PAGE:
A BETTER WAY TO READ THE SIGNS OF LAMENESS
Equus|Autumn 2020
Equine lameness can be difficult to detect, but a study from England confirms the reliability of a relatively new tool for identifying subtle signs of musculoskeletal pain in horses.
Christine Barakat and Mick McCluskey, BVSc, MACVSc

Developed at the Animal Health Trust in Newmarket in 2018, the Ridden Horse Pain Ethogram (RHpE) is a compilation of 24 behaviors, such as “head tilting,” “tail swishing” and “spontaneous changes of gait,” that have been proven to correlate with musculoskeletal pain (see “A System for Identifying Lameness,” opposite). If a horse exhibits eight or more of the behaviors, chances are good he is lame.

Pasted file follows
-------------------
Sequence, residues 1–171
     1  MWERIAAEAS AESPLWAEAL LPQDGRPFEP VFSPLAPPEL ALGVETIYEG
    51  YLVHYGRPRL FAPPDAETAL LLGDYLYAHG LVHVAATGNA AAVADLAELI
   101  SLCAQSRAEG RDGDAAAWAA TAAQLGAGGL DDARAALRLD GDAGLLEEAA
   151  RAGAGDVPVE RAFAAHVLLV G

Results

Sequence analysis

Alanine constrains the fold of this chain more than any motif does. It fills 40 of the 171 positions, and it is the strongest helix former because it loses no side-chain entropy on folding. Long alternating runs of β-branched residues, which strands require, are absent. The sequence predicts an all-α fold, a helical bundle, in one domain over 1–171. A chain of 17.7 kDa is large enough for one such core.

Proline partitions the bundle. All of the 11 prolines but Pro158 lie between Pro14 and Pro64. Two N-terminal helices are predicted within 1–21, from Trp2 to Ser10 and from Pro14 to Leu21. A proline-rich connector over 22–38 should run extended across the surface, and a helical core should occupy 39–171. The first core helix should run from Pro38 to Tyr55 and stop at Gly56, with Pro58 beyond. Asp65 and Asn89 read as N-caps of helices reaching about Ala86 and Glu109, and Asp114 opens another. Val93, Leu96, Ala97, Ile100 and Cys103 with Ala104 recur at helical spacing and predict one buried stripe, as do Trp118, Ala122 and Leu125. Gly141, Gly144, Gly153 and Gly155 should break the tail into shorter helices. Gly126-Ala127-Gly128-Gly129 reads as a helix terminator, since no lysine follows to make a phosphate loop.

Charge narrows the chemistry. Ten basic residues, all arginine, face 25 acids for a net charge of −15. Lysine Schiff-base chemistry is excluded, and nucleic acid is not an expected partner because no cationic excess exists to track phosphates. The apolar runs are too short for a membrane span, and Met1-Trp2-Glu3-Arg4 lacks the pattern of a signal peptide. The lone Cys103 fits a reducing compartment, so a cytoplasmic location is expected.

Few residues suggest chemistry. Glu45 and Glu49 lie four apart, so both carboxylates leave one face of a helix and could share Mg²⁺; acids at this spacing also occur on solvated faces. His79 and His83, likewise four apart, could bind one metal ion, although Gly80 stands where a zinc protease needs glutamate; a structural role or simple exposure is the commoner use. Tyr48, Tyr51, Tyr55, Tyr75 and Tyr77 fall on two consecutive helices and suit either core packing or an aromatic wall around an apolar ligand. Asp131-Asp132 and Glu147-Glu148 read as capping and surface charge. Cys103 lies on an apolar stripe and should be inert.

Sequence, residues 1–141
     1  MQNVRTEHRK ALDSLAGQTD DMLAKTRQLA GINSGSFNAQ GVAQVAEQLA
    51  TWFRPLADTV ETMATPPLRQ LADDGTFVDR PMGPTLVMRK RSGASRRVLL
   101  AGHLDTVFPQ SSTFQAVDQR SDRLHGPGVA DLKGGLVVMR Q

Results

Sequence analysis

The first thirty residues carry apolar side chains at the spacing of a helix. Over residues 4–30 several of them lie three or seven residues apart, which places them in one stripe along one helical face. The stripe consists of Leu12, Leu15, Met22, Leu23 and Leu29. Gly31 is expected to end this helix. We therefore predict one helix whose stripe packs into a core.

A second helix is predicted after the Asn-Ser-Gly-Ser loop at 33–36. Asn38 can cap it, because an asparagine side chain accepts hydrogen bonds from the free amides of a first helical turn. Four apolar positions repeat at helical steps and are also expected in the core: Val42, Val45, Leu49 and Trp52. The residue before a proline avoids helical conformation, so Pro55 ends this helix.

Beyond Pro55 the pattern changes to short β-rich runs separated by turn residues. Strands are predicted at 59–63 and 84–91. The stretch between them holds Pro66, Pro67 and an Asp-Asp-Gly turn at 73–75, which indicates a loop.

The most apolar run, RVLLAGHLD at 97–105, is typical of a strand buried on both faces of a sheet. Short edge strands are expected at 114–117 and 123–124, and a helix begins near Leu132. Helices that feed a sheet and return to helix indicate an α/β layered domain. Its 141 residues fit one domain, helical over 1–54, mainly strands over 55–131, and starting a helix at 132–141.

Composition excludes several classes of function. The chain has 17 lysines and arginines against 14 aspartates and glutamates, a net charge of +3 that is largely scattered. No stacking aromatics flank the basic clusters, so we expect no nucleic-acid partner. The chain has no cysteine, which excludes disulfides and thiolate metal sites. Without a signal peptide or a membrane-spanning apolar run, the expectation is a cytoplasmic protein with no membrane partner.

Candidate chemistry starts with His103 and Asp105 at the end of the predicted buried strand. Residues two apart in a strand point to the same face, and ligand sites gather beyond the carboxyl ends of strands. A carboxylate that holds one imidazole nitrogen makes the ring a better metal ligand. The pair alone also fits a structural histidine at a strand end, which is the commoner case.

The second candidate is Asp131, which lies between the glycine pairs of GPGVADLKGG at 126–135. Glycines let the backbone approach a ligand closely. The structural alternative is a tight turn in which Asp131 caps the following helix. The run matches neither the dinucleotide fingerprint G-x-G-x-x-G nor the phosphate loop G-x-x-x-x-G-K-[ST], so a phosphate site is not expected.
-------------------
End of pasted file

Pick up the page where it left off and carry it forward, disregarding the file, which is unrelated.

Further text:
Undiagnosed lameness has a far-reaching impact on the lives of horses and their riders, says Sue Dyson, VetMB, PhD. “One of the reasons I was incentivized to develop a RHpE was I had become so dispirited by seeing so many horses who clearly had pain-related problems that had been ignored for far too long,” she explains. “The horse, the rider, the training technique were being blamed over and over again. Coercive training techniques were being used. Longer whips, spurs, tighter nosebands, ‘stronger’ bits were being employed. Moreover, veterinarians did not understand what they were looking at either ---if an enlightened owner sought advice, and there was no obvious lameness seen in hand, they were told that the horse had behavioral problems.”

In early research, most of the behaviors on the RHpE were found to be 10 times more likely to be seen in lame horses, and they were eliminated by measures that relieved pain---such as nerve blocks---which verified their association with discomfort.

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